New Books
buttons1_left buttons1_right
side_buttons_top
side_buttons_b1_over
side_buttons_b1_over
side_buttons_b1_over
side_buttons_b1_over
side_buttons_bottom
[Book Club] [Meeting Authors] [Books Published] [New Books] [Pen and Sword]
 

 

New Books Reviewed

 

Book Review

Ubon

The Last Camp Before Freedom

By

Ray Withnall

Ubon - The Last Camp Before FreedomUbon: The Last Camp Before Freedom is the untold story of a Japanese Prisoner of War camp created for three thousand men to construct an airstrip at Ubon in north-east Thailand. It begins when Thailand became a Japanese ally, followed by the secret formation of the Seri Thai resistance movement by a prominent Thai politician to oppose Japanese domination. Eventually, the British Special Operations Executive arrived in the Ubon area to train the Seri Thai, but the Japanese surrender abruptly changed their plan. Extensive research in Ubon has revealed the camp’s daily life, its unorthodox liberation, and the exceptional generosity from Ubon’s citizens, which is commemorated by a lasting memorial. The story describes disarming the Japanese, identifying war criminals, and suppressing remaining resistance, which sometimes ended tragically.It is a story of the faith held by the Prisoners of War, the Seri Thai, and the people of Thailand that one day the Japanese will be finished.

Available from Amazon

Paperback £9.99

Also available on Kindle

https://www.amazon.co.uk/Ubon-Last-Camp-Before-Freedom-ebook/dp/B0896849Z3/ref=sr_1_1

 

Book-PNG-Image-14300

 

Book Review

Echoes of Captivity

Edited by Louise Cordingly

Echoes of CaptivityIn 1941-42, Japan took more than 100,000 prisoners of war in the Far East. These prisoners were used as slave labour on the Death Railway and across the region.

More than a quarter of all prisoners died - from starvation, overwork, torture or tropical disease.

Their harrowing experiences in captivity have been chronicled in detail. But the story of what happened after they returned home has rarely been told.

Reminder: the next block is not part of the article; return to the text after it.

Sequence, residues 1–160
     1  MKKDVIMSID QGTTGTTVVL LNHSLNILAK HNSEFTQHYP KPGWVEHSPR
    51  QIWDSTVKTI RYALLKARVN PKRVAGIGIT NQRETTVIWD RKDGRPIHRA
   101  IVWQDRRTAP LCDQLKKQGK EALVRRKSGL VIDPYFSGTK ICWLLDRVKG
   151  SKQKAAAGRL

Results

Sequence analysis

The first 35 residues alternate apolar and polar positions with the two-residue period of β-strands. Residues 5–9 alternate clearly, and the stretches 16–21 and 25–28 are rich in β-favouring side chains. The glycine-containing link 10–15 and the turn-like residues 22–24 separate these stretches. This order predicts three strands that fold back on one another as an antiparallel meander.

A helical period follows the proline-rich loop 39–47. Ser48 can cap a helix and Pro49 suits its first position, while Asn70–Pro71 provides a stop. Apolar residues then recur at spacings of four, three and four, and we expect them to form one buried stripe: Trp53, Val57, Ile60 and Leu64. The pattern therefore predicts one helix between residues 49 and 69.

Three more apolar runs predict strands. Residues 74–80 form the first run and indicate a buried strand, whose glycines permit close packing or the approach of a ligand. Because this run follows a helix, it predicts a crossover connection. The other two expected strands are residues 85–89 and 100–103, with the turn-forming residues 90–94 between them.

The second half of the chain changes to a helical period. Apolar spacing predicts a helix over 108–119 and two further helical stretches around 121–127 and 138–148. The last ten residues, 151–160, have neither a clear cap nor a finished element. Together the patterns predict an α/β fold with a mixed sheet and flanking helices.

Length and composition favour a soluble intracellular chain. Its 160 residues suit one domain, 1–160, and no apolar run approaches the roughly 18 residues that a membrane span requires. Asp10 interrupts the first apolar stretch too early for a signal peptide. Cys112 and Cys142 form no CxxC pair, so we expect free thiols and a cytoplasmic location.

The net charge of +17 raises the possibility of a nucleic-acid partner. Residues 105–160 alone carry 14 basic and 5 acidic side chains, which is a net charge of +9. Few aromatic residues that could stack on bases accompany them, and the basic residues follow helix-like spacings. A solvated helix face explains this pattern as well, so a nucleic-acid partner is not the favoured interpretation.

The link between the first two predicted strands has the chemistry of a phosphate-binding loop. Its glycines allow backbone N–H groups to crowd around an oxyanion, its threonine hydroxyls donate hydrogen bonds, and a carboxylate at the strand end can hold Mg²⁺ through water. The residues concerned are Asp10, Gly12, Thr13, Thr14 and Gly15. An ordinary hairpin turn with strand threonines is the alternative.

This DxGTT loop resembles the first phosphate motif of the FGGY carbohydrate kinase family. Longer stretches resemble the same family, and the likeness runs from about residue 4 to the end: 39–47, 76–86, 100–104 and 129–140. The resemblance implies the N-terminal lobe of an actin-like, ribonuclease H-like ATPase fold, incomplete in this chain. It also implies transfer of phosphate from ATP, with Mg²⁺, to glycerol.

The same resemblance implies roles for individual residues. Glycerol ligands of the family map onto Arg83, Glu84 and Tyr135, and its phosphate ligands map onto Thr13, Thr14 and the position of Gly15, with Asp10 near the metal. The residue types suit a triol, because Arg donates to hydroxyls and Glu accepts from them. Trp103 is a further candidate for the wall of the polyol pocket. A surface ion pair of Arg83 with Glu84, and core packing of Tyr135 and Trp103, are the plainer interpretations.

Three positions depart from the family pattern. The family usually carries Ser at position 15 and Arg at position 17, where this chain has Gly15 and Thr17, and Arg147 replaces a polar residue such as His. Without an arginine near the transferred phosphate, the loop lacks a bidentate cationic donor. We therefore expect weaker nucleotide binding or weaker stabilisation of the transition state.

For many, the war did not end in 1945.

For decades to come, the former prisoners had nightmares and flashbacks. Their wives and families struggled to cope with damaged men who could not find the words to talk about their experiences.

The echoes of captivity carried on right to the end of the survivors’ lives - and continue today in the lives of their children.

Louise Cordingly, whose own father was a POW, has travelled across the country to collect their families stories.

These children - now in their 60s, 70s and 80s - speak about living with the trauma experienced by their fathers.

Their stories are searing in their honesty. None of them will leave you unmoved.

£20 including P&P

Available from Louise Reynolds

High Wind Publishing

6 Prince Arthur Road

London NW3 6AU

 

Book-PNG-Image-14300

 

Book Review

From Shanghai

To the

Burma Railway

The Memoirs & Letters of Richard Laird

Edited by Rory Laird

From Shanghai to the Burma RailwayRichard Lairds previously unpublished record of his wartime experience as a Japanese prisoner of war ranks among the most graphic of this shocking and deservedly popular genre.

Captured after fighting in the Malayan Campaign he was incarcerated in Changi before being drafted as slave labour with ‘F’ Force on the notorious Burma Railway. He was one of only 400 out of 1600 to survive Songkurai No 2 Camp, despite disease and terrible hardship.

His moving memoir begins with a rare description of ex-patriate life in 1930’s Shanghai with the Sino-Japanese war raging around the European cantonments.

An additional dimension to his story is the developing relationship between the author and Bobbie Coupar Patrick to whom he became engaged shortly before the fall of Singapore. Bobbie’s letters graphically described her dramatic escape to Australia and work for Force 136. They were reunited in Colombo, Ceylon and their son has been instrumental in compiling this exceptional record.